Home of The JavaSpecialists' Newsletter

240Interfacing with Messy Humans

Posted: 2016-09-10Category: Tips and TricksJava Version: 1.8+Dr. Heinz M. Kabutz
 

Abstract: We humans are rather good at figuring out what is meant from context. Computers are terrible. They do exactly what we tell them to. Fun ensues when we feed them wrong number formatting information.

 

Welcome to the 240th edition of The Java(tm) Specialists' Newsletter, sent to you from Ljubljana, Slovenia. I taught my Concurrency course to Epilog, a small engineering company. As I always do, I asked the class how much experience they had with Java. Some of them had been programming the language longer than me, so I was thoroughly intimidated. How could I possible teach them anything new? As it turned out, we had some excellent discussions about some in-depth Java topics and I left satisfied that I had earned my pay :-)

Last night, their CEO took some of us out sightseeing and told us about the history of Ljubljana. Yes, that's a fringe benefit of working with small companies :-) Private tour by the CEO. Did you know that the oldest wheel in Europe was discovered near Ljubljana? They dated it to about 5150 years! It is also the oldest wooden wheel ever discovered. Look it up.

Dr Heinz's Extreme Java Courses: We offer our courses as In-house and Self-Study options. In-house is best for large teams of Java experts. Self-study is suitable for individual programmers w ho want to advance their careers. If you have any questions, please simply send me an email or fill in our enquiry form :-)

Interfacing with Messy Humans

It is hard to program computers to think like us. Just like aspies, they take things too literally. We need to weigh our words carefully. They might believe you really did want to "sudo rm -rf /".

In 1984, my dad bought a ZX Spectrum. He wanted to do calculations on it with a spreadsheet. After a long wait, the spreadsheet was loaded via audio tape and he eagerly started entering his figures. Nothing worked. Every number had a flashing question mark next to it. He called my older brothers in to help. They didn't know what could possibly be wrong with his numbers. Eventually I was asked to have a look. Having already done a bit of programming in BASIC, I suggested that we should maybe try use the period as a decimal point, instead of a comma. That solved the problem and at 13 years of age, was the first time I encountered this issue. But not the last.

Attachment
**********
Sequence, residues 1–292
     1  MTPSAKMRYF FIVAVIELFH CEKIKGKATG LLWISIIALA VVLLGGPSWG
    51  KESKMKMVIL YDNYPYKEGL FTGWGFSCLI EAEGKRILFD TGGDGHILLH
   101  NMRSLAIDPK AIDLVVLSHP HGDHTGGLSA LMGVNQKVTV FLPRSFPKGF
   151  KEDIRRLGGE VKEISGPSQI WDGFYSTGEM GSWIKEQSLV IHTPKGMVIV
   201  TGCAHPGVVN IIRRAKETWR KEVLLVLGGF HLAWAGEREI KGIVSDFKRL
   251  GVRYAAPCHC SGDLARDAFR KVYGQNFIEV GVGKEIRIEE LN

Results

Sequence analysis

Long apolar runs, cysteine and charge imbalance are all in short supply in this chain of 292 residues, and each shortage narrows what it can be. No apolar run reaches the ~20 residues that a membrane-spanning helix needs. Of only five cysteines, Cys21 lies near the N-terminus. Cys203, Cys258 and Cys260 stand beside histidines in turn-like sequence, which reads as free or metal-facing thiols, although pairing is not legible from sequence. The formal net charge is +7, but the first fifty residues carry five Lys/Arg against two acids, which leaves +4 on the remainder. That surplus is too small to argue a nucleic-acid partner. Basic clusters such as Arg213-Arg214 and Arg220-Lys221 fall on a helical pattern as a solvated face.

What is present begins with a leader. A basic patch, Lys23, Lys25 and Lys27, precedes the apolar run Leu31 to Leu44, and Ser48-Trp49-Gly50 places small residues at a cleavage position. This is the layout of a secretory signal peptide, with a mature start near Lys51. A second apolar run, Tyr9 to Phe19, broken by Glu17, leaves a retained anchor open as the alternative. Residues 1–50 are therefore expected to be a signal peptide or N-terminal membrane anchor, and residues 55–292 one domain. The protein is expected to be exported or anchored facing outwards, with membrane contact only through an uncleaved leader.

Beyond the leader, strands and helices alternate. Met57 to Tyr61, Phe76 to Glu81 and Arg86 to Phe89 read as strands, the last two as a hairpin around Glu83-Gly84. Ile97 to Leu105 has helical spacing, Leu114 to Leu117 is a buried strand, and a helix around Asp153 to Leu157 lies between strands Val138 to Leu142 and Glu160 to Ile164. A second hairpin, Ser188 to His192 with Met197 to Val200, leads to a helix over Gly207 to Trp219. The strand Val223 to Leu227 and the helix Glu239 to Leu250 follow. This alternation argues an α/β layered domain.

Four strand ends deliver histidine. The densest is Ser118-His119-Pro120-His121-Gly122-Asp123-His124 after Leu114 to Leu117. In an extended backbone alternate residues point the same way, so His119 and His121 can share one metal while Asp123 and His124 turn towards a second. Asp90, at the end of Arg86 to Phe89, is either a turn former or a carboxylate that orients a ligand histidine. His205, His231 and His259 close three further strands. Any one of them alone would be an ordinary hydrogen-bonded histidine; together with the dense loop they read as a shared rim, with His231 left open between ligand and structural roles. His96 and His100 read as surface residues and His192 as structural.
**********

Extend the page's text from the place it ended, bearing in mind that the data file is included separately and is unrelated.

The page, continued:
Officially, South Africa uses the following format for one hundred and twenty-three thousand four hundred and fifty-six Rand and seventy-eight cents: "R123 456,78". The decimal point is a comma and the thousand separator is a space. Not just any space, a NO-BREAK SPACE (U+00A0). Hardly anyone uses the official format. We write "R123,456.78", just like the US and UK. This is true for internet banking, online shopping, government documents, contracts, etc. But you could find all of these formats being used: "R123456.78", "R123456,78", "R123 456.78", "R123 456,78" and "R123,456.78". Our human fuzzy logic brains do not even see that there are differences. We parse what makes most sense to us.

Since we have so many options, it is up to the individual person to choose which one they would like to see. I personally like "R123 456.78", but sometimes write it as "R123'456.78" and other times "R123,456.78". I never use comma as a decimal point separator. And neither do any of my internet banking sites. My auditors send me financial statements with a space as a thousand separator, pleasant to the eye. Their invoice uses a period as a decimal point. Even though the comma decimal point is the official format, hardly anyone uses it.

Continental Europe is different. Here everyone uses comma as the decimal point. A few years ago, I tried to pay £502.46 to my printers in England using a local internet banking site. After the payment had been submitted, I remembered that I had forgotten to send them proof of payment. When I looked at my transaction, I saw that this banking website had ignored the dot! It had initiated a £50246 payment. Oh my! Luckily I was able to quickly cancel the transfer.

Even though I've lived in Europe for 10 years, I still use en_ZA as a locale, as it has a great date format yyyy/MM/dd. However, I noticed a few Mac OS X upgrades back that all my decimal points were displayed as commas. In the region settings under "Advanced", I customized my en_ZA setting to the more familiar #,###.## format. Now the numbers in my applications looked good again. The only danger were those European banking websites.

One of the cool toys I've been playing with recently is a Carbide3D Nomad CNC router. Of course I control it from Java. I wrote a little program that would let the router follow my cursor around the screen and start drilling the moment I clicked the mouse button. It is a lot of fun watching the router track my movements, like an obedient dog. The way we interact with the CNC router is via GCode, an ancient text based control language for telling it what to cut. Not quite as old as that Ljubljana wheel, but almost. I connected everything and launched my program. The machine stuttered and started spinning out of control, trying to drill into the table, flying right and left, up and down at great speed. I yanked the power cable out of the wall. Close shave, but what was wrong?